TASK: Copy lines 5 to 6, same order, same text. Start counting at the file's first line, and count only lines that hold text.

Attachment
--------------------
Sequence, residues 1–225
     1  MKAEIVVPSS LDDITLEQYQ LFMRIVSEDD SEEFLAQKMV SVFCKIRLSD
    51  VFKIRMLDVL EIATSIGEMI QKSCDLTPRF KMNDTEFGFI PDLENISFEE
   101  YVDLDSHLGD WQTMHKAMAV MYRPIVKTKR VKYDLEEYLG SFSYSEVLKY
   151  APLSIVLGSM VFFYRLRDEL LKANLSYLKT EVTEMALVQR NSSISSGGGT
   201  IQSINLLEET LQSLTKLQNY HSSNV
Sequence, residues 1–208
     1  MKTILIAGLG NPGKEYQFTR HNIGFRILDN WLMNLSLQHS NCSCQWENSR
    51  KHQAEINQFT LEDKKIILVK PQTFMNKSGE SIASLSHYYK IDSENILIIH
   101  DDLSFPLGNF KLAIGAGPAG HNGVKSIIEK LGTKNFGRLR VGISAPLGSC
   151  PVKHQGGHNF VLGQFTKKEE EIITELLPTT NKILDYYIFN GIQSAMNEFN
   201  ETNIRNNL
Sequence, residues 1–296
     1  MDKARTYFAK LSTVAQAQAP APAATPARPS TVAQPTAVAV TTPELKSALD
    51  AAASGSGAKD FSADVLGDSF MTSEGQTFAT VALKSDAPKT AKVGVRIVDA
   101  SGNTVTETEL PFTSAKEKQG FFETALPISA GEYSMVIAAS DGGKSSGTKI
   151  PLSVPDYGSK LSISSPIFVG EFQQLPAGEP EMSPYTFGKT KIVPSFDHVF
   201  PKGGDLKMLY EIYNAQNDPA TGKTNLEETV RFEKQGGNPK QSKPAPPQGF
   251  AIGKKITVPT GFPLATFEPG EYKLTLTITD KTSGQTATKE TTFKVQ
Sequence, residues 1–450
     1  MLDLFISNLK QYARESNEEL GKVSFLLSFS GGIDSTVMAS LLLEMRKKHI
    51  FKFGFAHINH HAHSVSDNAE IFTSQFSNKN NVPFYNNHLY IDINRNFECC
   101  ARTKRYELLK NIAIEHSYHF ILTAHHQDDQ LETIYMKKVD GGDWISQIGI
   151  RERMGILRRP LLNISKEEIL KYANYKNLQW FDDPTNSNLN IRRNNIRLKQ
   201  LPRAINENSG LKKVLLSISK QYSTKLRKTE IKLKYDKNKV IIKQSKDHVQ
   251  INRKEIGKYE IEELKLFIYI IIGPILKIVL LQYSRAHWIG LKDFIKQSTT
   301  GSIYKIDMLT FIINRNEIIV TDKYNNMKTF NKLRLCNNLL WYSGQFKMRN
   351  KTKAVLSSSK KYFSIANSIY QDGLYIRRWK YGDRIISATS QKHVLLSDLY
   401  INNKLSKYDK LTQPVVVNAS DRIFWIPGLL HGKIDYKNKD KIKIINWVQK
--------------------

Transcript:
   151  APLSIVLGSM VFFYRLRDEL LKANLSYLKT EVTEMALVQR NSSISSGGGT
   201  IQSINLLEET LQSLTKLQNY HSSNV